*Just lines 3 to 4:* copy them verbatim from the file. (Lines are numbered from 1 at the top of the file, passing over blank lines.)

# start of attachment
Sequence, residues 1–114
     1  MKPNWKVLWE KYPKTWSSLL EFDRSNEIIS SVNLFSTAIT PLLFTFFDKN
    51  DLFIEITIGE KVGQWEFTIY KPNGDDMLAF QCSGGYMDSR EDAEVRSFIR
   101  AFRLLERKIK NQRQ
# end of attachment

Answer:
    51  DLFIEITIGE KVGQWEFTIY KPNGDDMLAF QCSGGYMDSR EDAEVRSFIR
   101  AFRLLERKIK NQRQ